So, like old school bullies back when there wasn't online harassment, we all understand that trolls have deep emotional/psychological/self-esteem issues that they try and push onto someone else happier than them. Social media isn't the reason FOR the bullying, but it's a platform to have it heard. People who have something mean to say are going to find a way to say it, but the anonymity of the internet is perfect for their purposes. It’s sad that not everyone can be as content with their lives as everyone else. But everyone has a choice. We have all experienced jealousy or resentment but how many people have gone on to post online about that? What used to be a private thing has been made publically acceptable because people nowadays are able to hide behind a keyboard. Trolls choose to post things online and that’s something to be pitied on one hand but also it angers me. How bad must your own life be to take the time of day to spout hate to those undeserving of it? Instead of wasting energy trying to bring someone else down to your level, why not direct your energies bettering yourself?

In 2012 some of you might remember the case of Amanda Todd who took her own life because of trolls and it send shockwaves around the internet, especially when the hate campaign against Amanda Todd continued well after her death, however some people seemed to realise what they said online actually effected the victim in real life. Her Youtube video detailing the abuse she'd received such as being beaten up by a girl, used for sex by a boy, moving school several times and having intimate pictures shared online and used as a tool of blackmail. In 2014 a Dutch suspect was named, and paedophilia was yet another thing Amanda, unknowingly, had to endure. Such a sad and avoidable story.

The Truth About Homesickness

Homesickness is something every student at university who has moved away from home for the first time has to deal with it. It's an awful feeling that has no remedy except eating masses of junk food and counting down the days until your next visit home. I'd say phone family or friends for a chat but for me that makes it worse.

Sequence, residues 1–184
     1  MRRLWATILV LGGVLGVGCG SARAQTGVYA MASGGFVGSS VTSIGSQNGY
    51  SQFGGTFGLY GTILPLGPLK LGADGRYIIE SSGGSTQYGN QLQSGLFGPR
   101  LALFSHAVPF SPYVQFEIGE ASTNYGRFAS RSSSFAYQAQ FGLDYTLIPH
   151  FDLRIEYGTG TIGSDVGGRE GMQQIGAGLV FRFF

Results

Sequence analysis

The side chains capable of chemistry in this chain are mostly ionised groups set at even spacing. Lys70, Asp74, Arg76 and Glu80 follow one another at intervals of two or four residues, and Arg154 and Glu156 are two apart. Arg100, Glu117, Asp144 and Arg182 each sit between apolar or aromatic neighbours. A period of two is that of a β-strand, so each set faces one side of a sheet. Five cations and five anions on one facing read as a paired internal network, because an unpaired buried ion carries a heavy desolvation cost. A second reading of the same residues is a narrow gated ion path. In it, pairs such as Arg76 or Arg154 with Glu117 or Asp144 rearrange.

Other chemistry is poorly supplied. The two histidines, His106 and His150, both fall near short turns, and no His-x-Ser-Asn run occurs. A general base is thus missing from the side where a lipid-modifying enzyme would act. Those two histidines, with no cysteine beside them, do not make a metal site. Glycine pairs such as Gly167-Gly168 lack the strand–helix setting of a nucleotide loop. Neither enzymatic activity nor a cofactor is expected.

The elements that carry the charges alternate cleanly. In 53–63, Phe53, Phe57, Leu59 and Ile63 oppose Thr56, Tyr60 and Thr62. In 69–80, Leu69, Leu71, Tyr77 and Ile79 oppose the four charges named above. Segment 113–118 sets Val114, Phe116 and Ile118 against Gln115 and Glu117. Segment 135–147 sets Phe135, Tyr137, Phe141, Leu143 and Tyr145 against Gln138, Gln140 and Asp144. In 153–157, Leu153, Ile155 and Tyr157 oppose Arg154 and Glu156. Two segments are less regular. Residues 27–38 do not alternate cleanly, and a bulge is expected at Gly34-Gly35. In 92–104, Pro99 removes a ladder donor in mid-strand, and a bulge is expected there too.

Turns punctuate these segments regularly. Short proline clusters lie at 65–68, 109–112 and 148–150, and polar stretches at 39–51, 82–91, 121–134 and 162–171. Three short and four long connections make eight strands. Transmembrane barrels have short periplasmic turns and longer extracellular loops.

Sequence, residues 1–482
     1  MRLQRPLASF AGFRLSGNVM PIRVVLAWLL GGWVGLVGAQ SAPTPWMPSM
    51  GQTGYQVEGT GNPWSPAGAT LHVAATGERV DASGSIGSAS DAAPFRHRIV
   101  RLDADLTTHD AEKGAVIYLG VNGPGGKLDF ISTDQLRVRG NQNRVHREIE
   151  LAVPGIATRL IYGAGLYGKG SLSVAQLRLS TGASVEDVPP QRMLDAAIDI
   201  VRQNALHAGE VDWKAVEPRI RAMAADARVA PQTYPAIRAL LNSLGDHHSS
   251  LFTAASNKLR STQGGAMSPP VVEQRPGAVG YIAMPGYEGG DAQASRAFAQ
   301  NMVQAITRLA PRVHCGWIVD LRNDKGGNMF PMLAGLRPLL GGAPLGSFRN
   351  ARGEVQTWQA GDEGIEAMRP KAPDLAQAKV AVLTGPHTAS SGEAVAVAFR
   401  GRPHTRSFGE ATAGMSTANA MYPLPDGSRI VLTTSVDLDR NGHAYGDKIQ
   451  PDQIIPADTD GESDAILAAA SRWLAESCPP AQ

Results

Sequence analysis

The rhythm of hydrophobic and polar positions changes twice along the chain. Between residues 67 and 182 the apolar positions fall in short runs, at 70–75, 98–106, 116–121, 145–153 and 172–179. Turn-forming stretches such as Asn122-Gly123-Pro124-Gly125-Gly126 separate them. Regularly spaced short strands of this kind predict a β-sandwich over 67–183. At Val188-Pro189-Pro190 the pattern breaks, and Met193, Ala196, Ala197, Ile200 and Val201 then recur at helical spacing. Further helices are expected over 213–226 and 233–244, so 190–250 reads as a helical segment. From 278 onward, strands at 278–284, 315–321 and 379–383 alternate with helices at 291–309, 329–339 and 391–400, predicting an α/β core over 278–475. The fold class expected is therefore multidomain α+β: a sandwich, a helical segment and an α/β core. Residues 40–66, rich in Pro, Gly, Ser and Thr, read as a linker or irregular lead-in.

The only problem with homesickness is it's got a stigma attached that only whiny little children at their first sleepover should suffer from it, and that it's embarrassing or something. But I guarantee every single person feels it at one time or another when they move from home.  Even if they've moved from home to escape, there are still certain good memories or things like not having to buy food, experiencing the warmth of a central heated house, the comfort you always have knowing there's good company in the house to chat with or watch TV with, that you just won't get anywhere else. That confident, outgoing, constantly happy and loud person you see around uni all the time? They'll occasionally go home and probably cry because they miss their parents so much and wonder why they moved away in the first place. But you moved to experience new things, meet new people that aren't your usual group of friends, get perspectives you wouldn't have stuck in the same city, learn some things about yourself, push yourself to get some new life skills and explore a completely new place to where you're used to.

It's hard moving from home, but people seem to find it even harder talking about homesickness. It's considered a kind of private thing, like you're completely sure you're the only one who has EVER felt so low or missed their parents/siblings/grandparents/friends as much as you. But it's not true! If you talk to your house mates they'll feel exactly the same. Those nights of staying holed up in your bedroom, watching hours of films alone and having no one to talk to wear you down eventually. It's just natural. This is one of those cases where a problem shared really is a problem halved. If you know you're surrounded by house mates that have the same feeling then you can help each other by doing more things together or trying to recreate home in cheap ways to lift each other's spirits. If being away from home teaches you one thing, it's that you end up really appreciating it. You might have moved away thinking your city was the worst but every time you go back you're glad to see the graffiti-lined walls and chewing gum stained paths.